- Museum number
- Object: The Battle of Hastings. Bella horrida bella!
A complicated design showing the forces for and against Hastings, ranged on opposite sides of the House of Commons. The figures have numbers referring to a key etched beneath the design. Hastings, as an oriental colossus, stands on the table, the Speaker's head being visible between his legs. He wears a jewelled turban, and is naked except for a scarf and sash inscribed 'Colossean Nabob', in which is thrust an axe, inscribed 'A Nabob's Heart', whose head lies against his body where the heart should be. Looking to the left, where the Ministerialists are seated, he scatters and disgorges jewels which members grasp at or catch in their mouths. Another cascade of jewels issues from the point of a spear with which Pitt stabs his side; this stream falls into Pitt's lap. The colossus is '1. Mr H-----gs'; his right arm is inscribed 'Peculation'. From the Speaker's mouth issue the words "To be, or not to be, Impeachment is the question". The members on the left say "No", those on the right say "Ay". In the foreground the two chief combatants are fighting; behind each is a musician, one being '2 Mr B------e, leader of the Band': Burke stands on the extreme right, beating a drum inscribed 'Impeachment' and 'For the Honor of the Nation'; beside him is the standard of the 'British Battalion'. He, and all the members of the British Battalion (or Opposition), wear armour with plumed helmets. On the extreme left stands Dundas in Highland dress playing bagpipes, the bag,
inscribed 'Music hath charms to sooth &c', is full of coins. He is '3 Mr D------,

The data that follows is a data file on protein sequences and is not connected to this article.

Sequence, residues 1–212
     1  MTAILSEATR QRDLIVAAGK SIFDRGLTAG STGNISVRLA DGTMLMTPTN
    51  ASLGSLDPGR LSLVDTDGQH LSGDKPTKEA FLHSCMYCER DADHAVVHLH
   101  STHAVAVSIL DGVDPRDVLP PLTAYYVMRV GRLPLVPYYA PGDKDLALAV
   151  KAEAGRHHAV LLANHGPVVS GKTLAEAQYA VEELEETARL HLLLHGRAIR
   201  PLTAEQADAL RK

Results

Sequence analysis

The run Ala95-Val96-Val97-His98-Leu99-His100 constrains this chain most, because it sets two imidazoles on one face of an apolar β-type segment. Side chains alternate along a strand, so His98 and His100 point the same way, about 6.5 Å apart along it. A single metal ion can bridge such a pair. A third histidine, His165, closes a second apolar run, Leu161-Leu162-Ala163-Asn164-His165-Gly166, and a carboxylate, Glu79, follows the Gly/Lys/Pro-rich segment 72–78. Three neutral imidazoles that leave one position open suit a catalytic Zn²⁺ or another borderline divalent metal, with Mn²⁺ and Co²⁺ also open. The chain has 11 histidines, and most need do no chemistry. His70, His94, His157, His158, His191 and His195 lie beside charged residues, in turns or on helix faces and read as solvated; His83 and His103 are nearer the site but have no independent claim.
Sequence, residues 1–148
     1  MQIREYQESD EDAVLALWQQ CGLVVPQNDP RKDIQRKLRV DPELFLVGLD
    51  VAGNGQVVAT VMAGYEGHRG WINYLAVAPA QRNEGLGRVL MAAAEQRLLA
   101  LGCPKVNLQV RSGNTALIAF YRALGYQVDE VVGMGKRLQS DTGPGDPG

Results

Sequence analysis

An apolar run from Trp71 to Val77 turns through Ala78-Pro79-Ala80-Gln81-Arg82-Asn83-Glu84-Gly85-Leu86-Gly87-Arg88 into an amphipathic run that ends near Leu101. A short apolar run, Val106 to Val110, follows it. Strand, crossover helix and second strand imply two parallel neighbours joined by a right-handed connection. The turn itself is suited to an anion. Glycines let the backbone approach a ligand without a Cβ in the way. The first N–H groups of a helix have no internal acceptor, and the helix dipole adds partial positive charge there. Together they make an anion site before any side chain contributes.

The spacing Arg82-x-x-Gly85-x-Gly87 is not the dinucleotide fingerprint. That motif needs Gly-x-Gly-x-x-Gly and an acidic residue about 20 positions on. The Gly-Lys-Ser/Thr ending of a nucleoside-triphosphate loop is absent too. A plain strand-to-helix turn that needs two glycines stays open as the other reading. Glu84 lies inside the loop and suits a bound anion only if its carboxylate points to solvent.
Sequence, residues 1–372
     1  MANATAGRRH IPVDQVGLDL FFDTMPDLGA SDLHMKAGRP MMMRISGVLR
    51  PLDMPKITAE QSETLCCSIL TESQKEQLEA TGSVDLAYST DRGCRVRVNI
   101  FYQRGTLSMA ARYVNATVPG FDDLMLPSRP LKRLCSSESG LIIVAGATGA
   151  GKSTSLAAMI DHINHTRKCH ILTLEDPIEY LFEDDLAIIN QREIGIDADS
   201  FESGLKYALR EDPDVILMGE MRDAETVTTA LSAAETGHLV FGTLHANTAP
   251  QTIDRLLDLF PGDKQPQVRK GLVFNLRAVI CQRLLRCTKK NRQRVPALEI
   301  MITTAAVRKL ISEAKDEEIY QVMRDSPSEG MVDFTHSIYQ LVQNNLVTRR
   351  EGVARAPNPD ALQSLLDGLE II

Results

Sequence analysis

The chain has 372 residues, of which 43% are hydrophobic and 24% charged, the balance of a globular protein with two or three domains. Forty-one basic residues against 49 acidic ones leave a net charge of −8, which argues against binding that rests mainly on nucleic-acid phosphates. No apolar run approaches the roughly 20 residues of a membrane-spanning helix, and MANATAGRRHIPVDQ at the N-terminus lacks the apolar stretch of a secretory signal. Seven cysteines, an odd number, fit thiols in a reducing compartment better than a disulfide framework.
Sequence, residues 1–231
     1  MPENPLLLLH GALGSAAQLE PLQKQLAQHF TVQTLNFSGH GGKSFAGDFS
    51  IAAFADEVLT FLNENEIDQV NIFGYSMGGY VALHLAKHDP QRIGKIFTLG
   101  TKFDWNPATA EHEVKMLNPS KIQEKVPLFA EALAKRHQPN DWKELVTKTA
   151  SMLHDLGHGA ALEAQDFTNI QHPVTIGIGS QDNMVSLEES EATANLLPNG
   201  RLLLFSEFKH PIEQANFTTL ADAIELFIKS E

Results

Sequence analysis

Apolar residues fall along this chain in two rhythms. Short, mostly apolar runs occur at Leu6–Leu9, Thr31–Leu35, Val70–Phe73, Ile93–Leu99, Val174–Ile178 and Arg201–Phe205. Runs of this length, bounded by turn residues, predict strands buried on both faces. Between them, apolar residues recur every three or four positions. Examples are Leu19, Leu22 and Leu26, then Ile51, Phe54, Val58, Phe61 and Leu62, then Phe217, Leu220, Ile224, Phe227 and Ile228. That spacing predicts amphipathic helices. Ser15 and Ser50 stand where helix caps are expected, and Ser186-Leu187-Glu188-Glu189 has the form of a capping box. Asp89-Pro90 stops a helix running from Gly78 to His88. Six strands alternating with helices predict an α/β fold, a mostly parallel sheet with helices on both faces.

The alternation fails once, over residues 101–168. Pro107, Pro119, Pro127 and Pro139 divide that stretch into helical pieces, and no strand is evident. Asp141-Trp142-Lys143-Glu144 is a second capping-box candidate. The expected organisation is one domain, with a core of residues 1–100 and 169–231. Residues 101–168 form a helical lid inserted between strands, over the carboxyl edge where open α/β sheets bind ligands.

Commissary and Advocate General' (cf. BMSat 7152); he is the musician of the 'Bengal Battalion' (or Ministerialists). The two champions are Major Scott ('5, Major S------l') (left) and Sheridan (right), the latter in armour with a shield inscribed 'Money Beg-ums'; from his mouth issue three forked darts of lightning: 'Truth', 'Conviction', and 'Justice'. His weapon is a large pair of bellows inscribed 'Argument', which he holds by the nozzle; a smaller pair inscribed 'Wit' is thrust through his belt which is inscribed 'Humanity'. His helmet is inscribed 'Sublime and Beautiful Sherry', suggesting that his speech is derived from Burke (see p. 499). He is '4. Mr S------n, chief combatant for the Begums'. Scott, like the rest of the 'Bengal Battalion', is in oriental dress, wearing a turban. He is a much smaller man than Sheridan, his weapon is shaped like an oar or paddle inscribed 'Hotto Scotto', round it are wrapped papers inscribed 'Pamphlets'; his shield is a bag of money inscribed 'Pagodas'. His belt is inscribed 'Agency'. At his feet is an open book, 'Defence of Govr H-----gs by Major S-----t.' Nos. 7-15 are the leading members of the Opposition, seated in profile to the left in two rows, the word "Ay" issuing from their mouths. They are: '7 Mr F--x', '8. L------d N------h', '9. Mr A------m', Adam, '10 Law Chick', M. A. Taylor, see BMSat 6777. '11 Mr F------k', Fitzpatrick, '12. Mr F------s', Francis, who is at the head of the second row, next Burke and behind Fox, '13 Mr M--sh--m', Marsham, '14 Mr P------s', Powys. Next Powys sit 28, 'Mr G--v--le', ? Charles Greville, [Thomas Grenville, one of Fox's martyrs, was not in the 1784-90 Parliament. The other two Grenvilles (W. W. and James) were ministerialists.] M.P. for Warwick, a silent member, and '29, Aldn S------e', Alderman Sawbridge. A crowd of undifferentiated heads is explained by '&c &c &c'. Beyond the ordered phalanx of the Opposition are two isolated and conspicuous heads, not wearing helmets: '17' is 'Jack L------', Lee, '16 Mr Fl------d', Flood. A confused group brandishing clubs is '25 Rear Attack'. All these are on the right side of the design and on the Speaker's left.